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A New Register of the Arabs: Poetry as Ur-Science and Diwan in Ahmad Zaki Abushady’s al-Shafaq al-Baki (1926)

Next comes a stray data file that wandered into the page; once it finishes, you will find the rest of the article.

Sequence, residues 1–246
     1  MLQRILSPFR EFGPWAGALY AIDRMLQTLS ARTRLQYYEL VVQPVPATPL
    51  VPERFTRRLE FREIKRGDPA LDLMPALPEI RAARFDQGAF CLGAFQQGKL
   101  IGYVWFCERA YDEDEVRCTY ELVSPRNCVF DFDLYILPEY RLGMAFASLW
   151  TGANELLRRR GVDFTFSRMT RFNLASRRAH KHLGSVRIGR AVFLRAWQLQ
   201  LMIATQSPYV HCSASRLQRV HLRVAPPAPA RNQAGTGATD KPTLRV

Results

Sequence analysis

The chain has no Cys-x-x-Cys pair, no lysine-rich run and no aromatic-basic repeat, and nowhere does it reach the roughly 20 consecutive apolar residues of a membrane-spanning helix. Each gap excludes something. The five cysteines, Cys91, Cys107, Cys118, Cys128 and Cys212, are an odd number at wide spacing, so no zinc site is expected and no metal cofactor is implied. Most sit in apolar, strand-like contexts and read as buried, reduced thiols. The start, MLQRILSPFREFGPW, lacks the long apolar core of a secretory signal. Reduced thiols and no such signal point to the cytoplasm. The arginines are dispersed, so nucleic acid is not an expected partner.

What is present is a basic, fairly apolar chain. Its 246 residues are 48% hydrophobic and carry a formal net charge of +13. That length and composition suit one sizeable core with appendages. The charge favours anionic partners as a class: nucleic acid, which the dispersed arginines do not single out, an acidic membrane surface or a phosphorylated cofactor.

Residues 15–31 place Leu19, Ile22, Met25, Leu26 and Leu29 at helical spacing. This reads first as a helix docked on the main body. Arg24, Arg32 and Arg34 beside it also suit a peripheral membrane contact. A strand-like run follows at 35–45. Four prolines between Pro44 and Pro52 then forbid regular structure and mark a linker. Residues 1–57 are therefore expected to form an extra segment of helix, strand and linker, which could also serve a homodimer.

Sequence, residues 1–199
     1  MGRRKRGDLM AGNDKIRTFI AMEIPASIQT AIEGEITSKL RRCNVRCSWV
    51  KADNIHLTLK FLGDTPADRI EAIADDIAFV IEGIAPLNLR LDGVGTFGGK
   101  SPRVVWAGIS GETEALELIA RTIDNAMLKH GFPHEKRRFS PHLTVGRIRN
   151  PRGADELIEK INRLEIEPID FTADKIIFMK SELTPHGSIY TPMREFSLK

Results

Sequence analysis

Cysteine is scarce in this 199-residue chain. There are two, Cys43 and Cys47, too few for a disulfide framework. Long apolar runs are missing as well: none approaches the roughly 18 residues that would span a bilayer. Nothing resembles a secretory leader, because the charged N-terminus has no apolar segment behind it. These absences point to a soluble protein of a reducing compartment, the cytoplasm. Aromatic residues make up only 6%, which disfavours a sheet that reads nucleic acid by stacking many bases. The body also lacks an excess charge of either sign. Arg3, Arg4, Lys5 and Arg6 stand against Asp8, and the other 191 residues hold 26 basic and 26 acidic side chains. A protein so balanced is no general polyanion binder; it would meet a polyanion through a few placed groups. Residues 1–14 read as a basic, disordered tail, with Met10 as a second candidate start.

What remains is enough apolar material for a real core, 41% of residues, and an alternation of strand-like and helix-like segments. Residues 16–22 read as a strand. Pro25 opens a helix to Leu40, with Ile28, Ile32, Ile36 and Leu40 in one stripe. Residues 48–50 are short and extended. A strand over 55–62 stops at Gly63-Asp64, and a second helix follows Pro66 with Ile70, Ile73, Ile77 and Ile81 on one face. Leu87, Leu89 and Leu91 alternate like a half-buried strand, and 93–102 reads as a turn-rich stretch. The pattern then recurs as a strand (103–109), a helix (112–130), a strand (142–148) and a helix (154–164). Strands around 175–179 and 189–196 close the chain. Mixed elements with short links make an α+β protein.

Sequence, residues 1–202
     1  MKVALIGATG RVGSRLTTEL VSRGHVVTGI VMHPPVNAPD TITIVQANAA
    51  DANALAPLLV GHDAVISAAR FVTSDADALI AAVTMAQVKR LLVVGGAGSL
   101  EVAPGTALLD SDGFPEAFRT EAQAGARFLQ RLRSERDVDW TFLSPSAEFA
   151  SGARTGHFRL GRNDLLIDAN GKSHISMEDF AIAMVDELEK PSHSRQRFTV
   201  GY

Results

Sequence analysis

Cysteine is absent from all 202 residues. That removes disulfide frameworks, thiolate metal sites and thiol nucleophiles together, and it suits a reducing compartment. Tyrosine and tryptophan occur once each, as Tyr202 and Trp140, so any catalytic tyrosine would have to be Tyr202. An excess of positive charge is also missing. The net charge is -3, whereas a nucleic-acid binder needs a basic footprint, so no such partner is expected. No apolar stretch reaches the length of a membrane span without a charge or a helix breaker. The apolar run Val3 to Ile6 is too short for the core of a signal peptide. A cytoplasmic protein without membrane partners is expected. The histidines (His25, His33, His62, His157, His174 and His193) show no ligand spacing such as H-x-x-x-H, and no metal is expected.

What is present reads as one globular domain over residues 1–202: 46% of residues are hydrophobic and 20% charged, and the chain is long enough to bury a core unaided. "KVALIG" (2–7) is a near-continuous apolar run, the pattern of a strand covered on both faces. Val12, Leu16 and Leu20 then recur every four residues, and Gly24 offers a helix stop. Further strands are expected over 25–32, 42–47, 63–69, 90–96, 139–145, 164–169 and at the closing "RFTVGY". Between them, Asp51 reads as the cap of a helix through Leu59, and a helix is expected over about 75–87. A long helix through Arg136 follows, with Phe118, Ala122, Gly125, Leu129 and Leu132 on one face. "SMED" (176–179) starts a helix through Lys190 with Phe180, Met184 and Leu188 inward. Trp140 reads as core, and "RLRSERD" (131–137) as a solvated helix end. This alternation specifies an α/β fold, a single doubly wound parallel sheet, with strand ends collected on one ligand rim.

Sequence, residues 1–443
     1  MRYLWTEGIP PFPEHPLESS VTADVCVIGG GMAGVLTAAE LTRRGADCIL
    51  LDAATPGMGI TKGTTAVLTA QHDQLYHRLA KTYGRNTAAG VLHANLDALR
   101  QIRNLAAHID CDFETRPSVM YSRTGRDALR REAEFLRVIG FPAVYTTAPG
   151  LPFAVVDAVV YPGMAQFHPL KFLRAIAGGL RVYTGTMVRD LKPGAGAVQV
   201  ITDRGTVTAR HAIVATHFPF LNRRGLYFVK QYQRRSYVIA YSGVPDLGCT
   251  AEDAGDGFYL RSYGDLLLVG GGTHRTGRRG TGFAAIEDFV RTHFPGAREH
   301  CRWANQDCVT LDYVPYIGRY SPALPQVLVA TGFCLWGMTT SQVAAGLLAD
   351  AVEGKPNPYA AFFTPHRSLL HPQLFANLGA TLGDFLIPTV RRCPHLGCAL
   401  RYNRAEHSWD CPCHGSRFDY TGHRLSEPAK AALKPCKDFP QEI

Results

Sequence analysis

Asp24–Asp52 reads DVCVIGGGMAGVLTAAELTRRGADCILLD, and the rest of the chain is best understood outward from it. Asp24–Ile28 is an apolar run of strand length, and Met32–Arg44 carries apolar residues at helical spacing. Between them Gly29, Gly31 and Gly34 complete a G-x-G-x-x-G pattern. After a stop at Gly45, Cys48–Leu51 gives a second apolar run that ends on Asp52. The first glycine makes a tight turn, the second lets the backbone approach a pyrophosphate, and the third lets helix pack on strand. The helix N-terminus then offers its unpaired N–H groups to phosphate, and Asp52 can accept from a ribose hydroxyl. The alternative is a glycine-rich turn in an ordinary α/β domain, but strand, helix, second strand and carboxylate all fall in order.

Though widely acknowledged as the pioneering founder of the literary collective Jamaʿiyyat Apollo and its signal publication Apollo from 1932-1934, the incredibly prolific Egyptian Ahmad Zaki Abushady remains understudied. A bacteriologist trained in Egypt and the United Kingdom, Abushady was also a passionate scientist and apiarist; a devotee of the collectivist movement, he spearheaded publications for several agricultural and scientific associations in 1930s Egypt and served as the chair of Bacteriology at Alexandria University from 1941 until his departure for the U.S. in 1946. Abushady’s 1926 collection al-Shafaq al-Baki (Tearful Twilight) marks a crucial transition point in the history of modern Arabic poetry—a moment at which the public, collective, performative function of poetry was waning and its role as a private, published, written book-object or series of book-objects was on the rise. Still, Tearful Twilight has received little more than a brief gloss in articles and book chapters by major scholars of Abushady’s work and Arabic poetry more generally (Robin Ostle, M.M. Badawi, Shmuel Moreh). Swelling to over thirteen hundred pages, crammed not only with poems, but also with photographs, art prints, ekphrastic works, translations, and critical essays by Abushady and supporters of his literary mission, Tearful Twilight marks the end of an era in which, as the poet writes, “science, wisdom, and literature were separated from each other,” and heralds the beginning of a new era, in which “poetry… has become both the vast register that gathers all of these and the creed that declares their unity.” This paper examines how Abushady strives, throughout Tearful Twilight, to craft “unity” from pursuits as diverse as apiary science, bacteriology, Egyptian nationalism, and romantic love poetry. Through close readings of several poems, I argue that Abushady aimed to transform the landscape of Arabic poetry, “modernizing” it through a healthy injection of translated English works and critical concepts, on the one hand, and reviving its traditional function as the ur-diwan of the Arabs, on the other. Although this mission largely failed, its ambitious scope remains a crucial and neglected chapter in the history of Arabic modernism.
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